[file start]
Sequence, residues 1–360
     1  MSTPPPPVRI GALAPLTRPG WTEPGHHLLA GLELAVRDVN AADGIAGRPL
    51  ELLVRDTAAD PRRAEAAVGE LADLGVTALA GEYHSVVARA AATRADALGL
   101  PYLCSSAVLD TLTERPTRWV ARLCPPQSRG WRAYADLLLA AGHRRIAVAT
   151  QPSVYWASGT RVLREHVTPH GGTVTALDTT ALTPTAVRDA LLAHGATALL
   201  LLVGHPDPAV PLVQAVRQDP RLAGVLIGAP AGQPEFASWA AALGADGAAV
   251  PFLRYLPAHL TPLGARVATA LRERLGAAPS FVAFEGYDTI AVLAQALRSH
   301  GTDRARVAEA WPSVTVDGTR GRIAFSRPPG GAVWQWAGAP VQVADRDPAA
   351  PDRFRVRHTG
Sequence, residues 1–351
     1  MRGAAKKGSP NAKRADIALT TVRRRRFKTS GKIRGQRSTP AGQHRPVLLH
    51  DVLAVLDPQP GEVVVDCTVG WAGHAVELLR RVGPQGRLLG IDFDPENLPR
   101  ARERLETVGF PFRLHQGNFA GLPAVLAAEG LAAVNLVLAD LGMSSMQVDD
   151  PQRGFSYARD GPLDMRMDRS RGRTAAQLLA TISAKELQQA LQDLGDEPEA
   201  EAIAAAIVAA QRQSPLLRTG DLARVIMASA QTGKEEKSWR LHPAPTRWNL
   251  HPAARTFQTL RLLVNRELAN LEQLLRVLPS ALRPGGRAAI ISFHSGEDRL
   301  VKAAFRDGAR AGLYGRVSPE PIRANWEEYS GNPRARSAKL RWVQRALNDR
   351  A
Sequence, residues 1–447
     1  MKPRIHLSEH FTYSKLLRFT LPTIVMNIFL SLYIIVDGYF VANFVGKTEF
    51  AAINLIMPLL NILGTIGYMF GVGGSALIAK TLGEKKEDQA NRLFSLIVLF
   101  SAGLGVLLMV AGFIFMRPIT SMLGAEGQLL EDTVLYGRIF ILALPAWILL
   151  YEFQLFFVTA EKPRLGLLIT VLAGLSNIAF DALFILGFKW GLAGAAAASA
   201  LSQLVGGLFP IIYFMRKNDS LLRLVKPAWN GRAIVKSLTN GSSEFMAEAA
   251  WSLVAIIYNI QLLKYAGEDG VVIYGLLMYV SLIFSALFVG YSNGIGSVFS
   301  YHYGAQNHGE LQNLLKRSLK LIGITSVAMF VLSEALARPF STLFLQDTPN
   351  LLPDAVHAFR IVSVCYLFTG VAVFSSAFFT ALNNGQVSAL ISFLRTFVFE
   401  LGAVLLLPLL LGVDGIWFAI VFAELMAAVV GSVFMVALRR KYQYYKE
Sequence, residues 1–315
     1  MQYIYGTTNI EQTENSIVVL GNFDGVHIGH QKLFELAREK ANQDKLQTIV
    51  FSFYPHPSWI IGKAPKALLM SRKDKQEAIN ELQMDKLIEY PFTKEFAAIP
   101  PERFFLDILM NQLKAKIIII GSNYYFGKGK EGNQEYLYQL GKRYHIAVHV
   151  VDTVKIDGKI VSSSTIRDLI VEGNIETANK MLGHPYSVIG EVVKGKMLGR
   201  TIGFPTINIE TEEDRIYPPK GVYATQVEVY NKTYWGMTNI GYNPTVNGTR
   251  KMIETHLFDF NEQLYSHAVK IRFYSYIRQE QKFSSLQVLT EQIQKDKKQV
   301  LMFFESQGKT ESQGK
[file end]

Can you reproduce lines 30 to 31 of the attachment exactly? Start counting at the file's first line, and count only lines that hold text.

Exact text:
     1  MQYIYGTTNI EQTENSIVVL GNFDGVHIGH QKLFELAREK ANQDKLQTIV
    51  FSFYPHPSWI IGKAPKALLM SRKDKQEAIN ELQMDKLIEY PFTKEFAAIP